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Find answers to our Frequently Asked Questions.
Posted May 30, 2018

Start with the fundamentals below, make time for dialogues, and lead by example as they begin to practice money management themselves. With proper guidance and opportunities to put lessons into practice, your little ones will be off to a great start.

Establishing goals is important.

Goals are often overlooked but setting goals is an important part of anyone’s successes. Goals ensure we have something to work towards and that we are well aware of what it will take to accomplish them. Help your children set a financial goal, develop a timeline, create a plan of action, and follow through.

Money should always have purpose.

At an early age, we want youth to understand our money should have purpose. Encourage your kids to have accounts/jars/envelopes for different situations. This may include saving, sharing, spending, and investing for long term goals. Sticking to a budget takes practice and discipline, so it’s best to start now.

Parents aren’t a bank.

You may have already established the fact that money doesn’t grow on trees. This concept, however, may not be clear if anytime they desire something money is available for the taking. If you really want this lesson to be understood, it may be time to say no to the pleas and close that wallet of yours.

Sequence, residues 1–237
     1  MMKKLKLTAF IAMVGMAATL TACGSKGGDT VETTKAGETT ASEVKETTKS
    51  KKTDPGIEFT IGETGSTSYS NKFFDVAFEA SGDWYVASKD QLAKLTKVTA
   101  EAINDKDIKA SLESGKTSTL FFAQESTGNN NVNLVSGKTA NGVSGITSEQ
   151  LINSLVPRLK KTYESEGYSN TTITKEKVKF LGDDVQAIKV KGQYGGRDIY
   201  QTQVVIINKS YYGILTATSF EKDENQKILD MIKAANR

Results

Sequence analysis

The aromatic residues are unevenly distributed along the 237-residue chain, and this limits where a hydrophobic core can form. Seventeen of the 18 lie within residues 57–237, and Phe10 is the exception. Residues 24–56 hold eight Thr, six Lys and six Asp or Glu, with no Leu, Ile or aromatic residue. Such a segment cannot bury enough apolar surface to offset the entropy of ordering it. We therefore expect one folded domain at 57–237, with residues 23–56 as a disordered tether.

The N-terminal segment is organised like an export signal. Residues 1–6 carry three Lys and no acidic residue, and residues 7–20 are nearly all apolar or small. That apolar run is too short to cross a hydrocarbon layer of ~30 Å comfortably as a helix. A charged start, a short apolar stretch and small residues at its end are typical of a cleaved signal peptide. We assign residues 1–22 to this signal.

Money is always earned.

Moving away from giving your child money could mean moving toward allowing them to earn money. Consider paying them for completing extra tasks around the house, getting good grades, etc. Not only will this reinforce that money is earned, they’ll think twice when spending their hard earned money.

Pay yourself first.

Of all the expenses they will one day have, paying themselves first will always be the most important. What does this mean? It means treating yourself like an expense and putting money into savings first. In doing so, they will ensure they are contributing to their goals. What a valuable habit to establish.

Decisions always have consequences.

As parents, it’s in our nature to want to protect our children. Though we give them our best advice, they may opt for learning things the hard way. If you’re child wants to spend their money on something they’ll later regret, for example, make it a teachable moment and let them live with the consequences.